"Natural" is relative.
I describe my images as "natural landscapes." As such, one might expect that my goal is to capture places of natural beauty that are pure and unaffected by humans, to hold them up as an example of what we need to protect and why we ought to protect it. To a point, that is true. I do try to get off the beaten path, away from traffic, development and other people, and commune with nature on its own terms, as best I can. I then try to capture these experiences, photographically, to share them with others. However, regrettably, there is now no place on Earth that can claim to be pure and completely unaffected by humans, conditions which most people seem to associate with the state of being "natural." So "natural" is a relative term. Therefore, what I try to do is capture the kinds of experiences I have in places where human influences or artifacts are not readily apparent. On the other hand, as with this image, I will occasionally photograph places where the presence of humans might be apparent, but the story will still be about nature. Other examples of this are Image #9173 and #0032.
To put a finer point on it, my intent is not so much to show pure, perfect, unadulterated nature as it is to illuminate the relationship between humans and nature. I do this not by showing people in "natural" settings -- which would be too literal for my purposes, and would tend to "date" the images (because of clothing, hair styles, etc.) -- but by creating images about natural subjects and places composed in such a way as to imply the presence of a human who is aware of and sensitive to his surroundings. When I compose an image (by choosing a certain lens, locating the camera in a specific spot and aiming it in a particular direction), I create certain relationships among the visual elements I choose to include in the image. Although photographs are often seen as capturing objective reality, their expressiveness, which is in part the product of those relationships, is highly subjective. Those relationships exist more in my eye and my brain than they do in nature. This is not nature, per se; it is nature as perceived by a human.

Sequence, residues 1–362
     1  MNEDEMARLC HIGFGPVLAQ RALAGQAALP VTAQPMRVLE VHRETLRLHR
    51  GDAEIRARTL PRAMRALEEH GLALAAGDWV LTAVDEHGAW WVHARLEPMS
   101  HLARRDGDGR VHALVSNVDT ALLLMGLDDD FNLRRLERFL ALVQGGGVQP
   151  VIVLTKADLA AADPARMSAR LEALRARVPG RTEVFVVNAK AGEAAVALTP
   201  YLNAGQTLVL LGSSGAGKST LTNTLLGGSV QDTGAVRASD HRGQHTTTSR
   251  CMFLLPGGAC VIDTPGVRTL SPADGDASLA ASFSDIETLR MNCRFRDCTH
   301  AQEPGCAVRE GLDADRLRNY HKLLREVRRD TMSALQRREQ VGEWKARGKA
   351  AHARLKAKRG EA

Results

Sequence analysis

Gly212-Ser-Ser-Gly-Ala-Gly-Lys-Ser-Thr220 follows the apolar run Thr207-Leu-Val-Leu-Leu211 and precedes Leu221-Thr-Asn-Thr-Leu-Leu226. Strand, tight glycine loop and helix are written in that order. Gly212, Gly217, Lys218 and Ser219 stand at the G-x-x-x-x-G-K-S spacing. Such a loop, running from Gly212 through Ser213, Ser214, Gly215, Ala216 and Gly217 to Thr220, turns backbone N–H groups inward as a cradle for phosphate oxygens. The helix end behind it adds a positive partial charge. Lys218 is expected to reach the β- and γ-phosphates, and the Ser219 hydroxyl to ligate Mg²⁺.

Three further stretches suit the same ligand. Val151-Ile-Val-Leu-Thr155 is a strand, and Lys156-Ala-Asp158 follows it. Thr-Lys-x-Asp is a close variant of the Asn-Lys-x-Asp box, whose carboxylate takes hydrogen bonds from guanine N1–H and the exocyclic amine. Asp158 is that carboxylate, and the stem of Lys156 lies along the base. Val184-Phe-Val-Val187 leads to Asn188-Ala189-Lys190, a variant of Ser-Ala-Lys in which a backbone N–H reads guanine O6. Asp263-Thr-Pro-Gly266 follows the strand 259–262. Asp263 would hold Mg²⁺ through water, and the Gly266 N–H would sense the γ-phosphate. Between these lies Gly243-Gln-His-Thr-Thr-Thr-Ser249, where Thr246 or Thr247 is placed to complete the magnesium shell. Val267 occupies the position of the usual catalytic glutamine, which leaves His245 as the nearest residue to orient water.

I should also say that I intend this particular image to be more than a picture of a tree; it is a picture about a tree. I am telling a story about the tree, as I perceive it. And that story is, in part, about the relationship between the tree and humans. The meaning I give to the tree is determined to a large extent by its context, and I try to include in the image just enough of the main subject's context to convey that meaning. The act of telling a story in a photograph involves intensive visual editing, which is highly subjective. But this is the art of photography. By virtue of the fact that no place is completely isolated from human influence, it is appropriate and informative to consider nature in relation to humans, either explicitly or implicitly. We humans are as "natural" as anything else, though we sometimes consider ourselves apart from nature, or even in control of nature. But the truth is that every component of the Web of Life evolved from the same materials and forces -- everything that is, is made of stardust. Therefore, we should acknowledge and celebrate the fact that we are an integral part of nature. I try to do that implicitly through my images.